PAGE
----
The baker’s yeast, Saccharomyces cerevisiae is a widely used model organism in molecular biology because of the high homology it shares with human cells in many basic cellular processes such as DNA replication, repair, recombination, transcription, and because of the ease its genome can be manipulated. Other advantages of working with yeast are its fast production rate which is comparable to bacteria’s, and its cheap maintenance.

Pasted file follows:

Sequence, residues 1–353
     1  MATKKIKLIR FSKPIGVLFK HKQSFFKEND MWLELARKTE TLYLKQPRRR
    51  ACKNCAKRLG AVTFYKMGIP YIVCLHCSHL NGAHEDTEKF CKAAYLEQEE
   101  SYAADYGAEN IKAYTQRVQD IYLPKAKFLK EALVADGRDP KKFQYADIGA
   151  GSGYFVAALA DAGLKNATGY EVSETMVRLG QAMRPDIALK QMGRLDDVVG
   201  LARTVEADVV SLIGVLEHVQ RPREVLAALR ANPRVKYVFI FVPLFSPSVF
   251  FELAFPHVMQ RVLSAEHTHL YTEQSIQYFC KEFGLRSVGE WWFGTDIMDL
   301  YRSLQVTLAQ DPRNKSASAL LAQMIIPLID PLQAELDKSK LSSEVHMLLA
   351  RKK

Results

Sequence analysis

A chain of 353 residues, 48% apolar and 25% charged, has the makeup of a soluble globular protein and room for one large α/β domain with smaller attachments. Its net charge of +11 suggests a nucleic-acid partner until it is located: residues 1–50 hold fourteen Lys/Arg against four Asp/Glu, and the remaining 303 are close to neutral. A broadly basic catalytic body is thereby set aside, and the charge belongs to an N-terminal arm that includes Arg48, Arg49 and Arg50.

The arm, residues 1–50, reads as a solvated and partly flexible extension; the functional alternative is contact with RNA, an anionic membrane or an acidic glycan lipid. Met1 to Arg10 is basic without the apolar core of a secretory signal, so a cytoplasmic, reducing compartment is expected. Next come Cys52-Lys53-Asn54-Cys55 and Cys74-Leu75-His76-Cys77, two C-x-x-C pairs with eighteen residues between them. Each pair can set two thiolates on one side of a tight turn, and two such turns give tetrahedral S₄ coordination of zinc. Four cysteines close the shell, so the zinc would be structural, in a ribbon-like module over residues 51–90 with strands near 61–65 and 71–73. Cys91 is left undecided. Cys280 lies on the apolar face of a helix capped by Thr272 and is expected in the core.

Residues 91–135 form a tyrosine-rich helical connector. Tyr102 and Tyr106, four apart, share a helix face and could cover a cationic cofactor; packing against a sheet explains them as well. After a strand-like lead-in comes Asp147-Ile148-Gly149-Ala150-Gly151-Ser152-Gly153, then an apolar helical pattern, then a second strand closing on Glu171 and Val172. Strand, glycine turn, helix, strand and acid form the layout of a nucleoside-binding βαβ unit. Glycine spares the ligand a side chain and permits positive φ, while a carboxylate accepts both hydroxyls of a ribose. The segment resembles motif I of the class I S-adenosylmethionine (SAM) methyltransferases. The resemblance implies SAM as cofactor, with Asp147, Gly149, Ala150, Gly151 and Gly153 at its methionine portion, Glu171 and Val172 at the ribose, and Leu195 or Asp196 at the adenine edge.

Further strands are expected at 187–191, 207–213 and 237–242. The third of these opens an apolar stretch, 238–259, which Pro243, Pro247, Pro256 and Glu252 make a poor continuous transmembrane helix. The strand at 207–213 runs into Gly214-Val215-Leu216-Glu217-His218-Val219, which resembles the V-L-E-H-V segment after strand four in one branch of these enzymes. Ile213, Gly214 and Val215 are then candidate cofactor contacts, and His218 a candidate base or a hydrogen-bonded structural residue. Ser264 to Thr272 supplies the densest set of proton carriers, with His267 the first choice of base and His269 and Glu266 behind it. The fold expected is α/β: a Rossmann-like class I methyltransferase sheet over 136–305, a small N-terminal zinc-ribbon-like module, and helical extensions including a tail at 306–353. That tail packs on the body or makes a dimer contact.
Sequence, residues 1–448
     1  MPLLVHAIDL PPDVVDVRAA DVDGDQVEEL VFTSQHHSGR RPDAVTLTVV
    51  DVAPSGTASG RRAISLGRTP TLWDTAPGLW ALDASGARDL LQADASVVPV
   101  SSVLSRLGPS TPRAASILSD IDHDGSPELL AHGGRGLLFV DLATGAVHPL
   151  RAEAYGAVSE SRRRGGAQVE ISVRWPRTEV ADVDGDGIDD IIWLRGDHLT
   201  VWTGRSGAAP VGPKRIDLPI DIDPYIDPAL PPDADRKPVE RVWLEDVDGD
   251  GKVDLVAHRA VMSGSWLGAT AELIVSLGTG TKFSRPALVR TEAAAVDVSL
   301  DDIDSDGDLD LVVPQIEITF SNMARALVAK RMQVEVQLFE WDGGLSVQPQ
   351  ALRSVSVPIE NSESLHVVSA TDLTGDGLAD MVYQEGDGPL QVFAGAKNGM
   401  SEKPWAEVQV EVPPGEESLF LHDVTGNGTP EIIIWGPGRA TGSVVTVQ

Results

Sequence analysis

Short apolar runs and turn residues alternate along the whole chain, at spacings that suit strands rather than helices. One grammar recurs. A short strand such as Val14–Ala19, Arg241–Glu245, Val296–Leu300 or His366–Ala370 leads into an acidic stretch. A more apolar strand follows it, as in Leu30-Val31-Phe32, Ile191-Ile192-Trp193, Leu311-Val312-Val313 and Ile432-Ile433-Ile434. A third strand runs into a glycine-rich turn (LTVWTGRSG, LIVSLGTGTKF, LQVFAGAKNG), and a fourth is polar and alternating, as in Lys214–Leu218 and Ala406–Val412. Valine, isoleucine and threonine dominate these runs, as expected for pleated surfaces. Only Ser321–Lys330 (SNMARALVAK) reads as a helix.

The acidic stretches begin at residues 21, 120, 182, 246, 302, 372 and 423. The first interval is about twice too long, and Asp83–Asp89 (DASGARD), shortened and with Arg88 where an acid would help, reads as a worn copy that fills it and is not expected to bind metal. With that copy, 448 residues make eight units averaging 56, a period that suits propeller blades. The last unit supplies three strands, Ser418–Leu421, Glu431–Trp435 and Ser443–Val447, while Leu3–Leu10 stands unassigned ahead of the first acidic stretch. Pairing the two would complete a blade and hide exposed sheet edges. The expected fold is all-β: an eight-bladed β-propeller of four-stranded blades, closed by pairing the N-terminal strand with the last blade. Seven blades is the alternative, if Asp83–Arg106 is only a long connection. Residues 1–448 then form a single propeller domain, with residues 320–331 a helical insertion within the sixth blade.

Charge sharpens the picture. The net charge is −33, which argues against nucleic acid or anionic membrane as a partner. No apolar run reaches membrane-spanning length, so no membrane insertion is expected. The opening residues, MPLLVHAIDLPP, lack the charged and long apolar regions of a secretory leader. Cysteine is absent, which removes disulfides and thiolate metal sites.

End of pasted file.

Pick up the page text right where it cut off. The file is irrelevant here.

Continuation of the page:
To examine certain phenomena, for example whether a mutation affects the passage through a cell cycle phase, it can be necessary to work with a yeast culture, in which all the cells are in the same phase of the cell cycle. Yeasts can be arrested and kept in different phases of the cell cycle. Here we describe the method that allows synchronizing and keeping yeast cells in the G1 phase of the cell cycle with the mating pheromone, α-factor. Only MATa cells can be synchronized with α-factor which is produced by MATα cells. It is highly recommended to use a MATa bar1 deletion strain. The BAR1 gene encodes for an extracellular protease that inactivates α-factor by cleaving it (MacKay et al., 1988). To counteract the Bar1 protease activity when using BAR1 cells, 100-1000 times more α-factor is needed as compared to bar1 deletion cells (α-factor is quite expensive!), and still the synchrony will be transient. In contrast, bar1 deletion cells can be kept in G1 phase with α-factor for several hours, and the degree of synchronization is usually higher than using a BAR1 strain. Moreover, bar1 deletion cells can be synchronized even at high cell density, whereas BAR1 cells, due to the activity of the secreted Bar1 protease, only at low cell density.
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